Q: I'm new and want to get a better rod and reel than my XXXmart special. Should I buy a conventional rod and reel or just get better spinning equipment?
That's a tough question, but I think the key issue for a new fisherman is learning about bass and how to catch them. Conventional tackle is not going to improve your fishing success dramatically and for a new fisherman could be the cause of a lot of "stress." I've been fishing for a very long time and I prefer spinning tackle for saltwater and conventional for freshwater. Just don't let yourself get trapped into the "Techno Tackle Groupie" part of surf fishing, the "experts" will drive you into total confusion.
Q: Which knot do you think is best?
My favorite is the Palomar because it is simple to tie, even in the dark and retains 100% of the line strength. My second choice is a clinch or Trilene® knot, it retains approximately 85% of the line strength. You can get more information and directions on knots on the Knot pages.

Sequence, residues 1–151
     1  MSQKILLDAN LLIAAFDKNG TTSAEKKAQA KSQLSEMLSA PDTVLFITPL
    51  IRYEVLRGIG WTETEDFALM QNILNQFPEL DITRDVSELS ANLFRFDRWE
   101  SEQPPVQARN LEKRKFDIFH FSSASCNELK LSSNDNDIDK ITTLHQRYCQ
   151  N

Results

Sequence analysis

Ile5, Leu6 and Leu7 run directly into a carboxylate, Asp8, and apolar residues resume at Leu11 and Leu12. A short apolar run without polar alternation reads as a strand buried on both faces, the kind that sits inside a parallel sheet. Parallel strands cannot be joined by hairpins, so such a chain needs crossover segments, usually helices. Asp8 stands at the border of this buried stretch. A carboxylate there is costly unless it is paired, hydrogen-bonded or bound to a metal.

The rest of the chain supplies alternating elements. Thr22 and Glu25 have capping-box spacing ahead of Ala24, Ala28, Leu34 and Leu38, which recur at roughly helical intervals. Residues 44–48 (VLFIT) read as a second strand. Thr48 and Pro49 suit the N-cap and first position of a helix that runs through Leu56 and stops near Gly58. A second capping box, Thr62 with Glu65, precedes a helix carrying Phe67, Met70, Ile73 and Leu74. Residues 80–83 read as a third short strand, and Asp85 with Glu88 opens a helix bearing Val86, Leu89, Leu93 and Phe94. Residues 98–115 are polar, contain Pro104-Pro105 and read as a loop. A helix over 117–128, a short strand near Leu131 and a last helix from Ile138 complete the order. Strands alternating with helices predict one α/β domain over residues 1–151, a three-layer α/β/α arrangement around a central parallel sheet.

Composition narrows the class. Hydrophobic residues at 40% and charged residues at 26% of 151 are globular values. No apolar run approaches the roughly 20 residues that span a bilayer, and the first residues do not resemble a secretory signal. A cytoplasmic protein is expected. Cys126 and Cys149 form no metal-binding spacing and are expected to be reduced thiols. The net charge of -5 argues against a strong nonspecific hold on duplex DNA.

Q: What pound test line should I use?
The minimum for Monofilament is 20 pound test. If you have two rods and reels, one for lures and the other for bait fishing; spool 20 pound test on the rod for lures and at least 30 pound test on the bait rod. If you want to use the "Hi-Tech Braided" line the minimum I recommend is 50 pound test. Why? It's diameter is equivalent to only 12 pound monofilament which means it is very thin and harder to handle. Be aware that "Hi-Tech Braided" line can cut your finger(s) to the bone if you do not handle it carefully. Do not ever coil braided line around your hand when you are landing a fish, you will get cut! More information refer to: Baitfishing, Let's Get Serious
Q: How often should I change my line?
Line is not cheap but wouldn't you hate losing a big fish because you were cheap? I strip all the line from my reels at the end of the season and toss it so I will be forced to re-spool in the Spring. During the fishing season I will completely replace my line three or four times. You should strip off 5 to 10 feet of old line and replace all leaders before every trip and after (1) catching a BIG fish or (2) working around rocks. Eventually the line on your spool will "dwindle" from all this cutting back and you will have to re-spool.
Q: One of the things that really confuses me is that guys in my club insist that their way to fish or a certain lure/color is the only one to use. It never fails, I try the "sure fire" lure or method and get zilch. Is it me?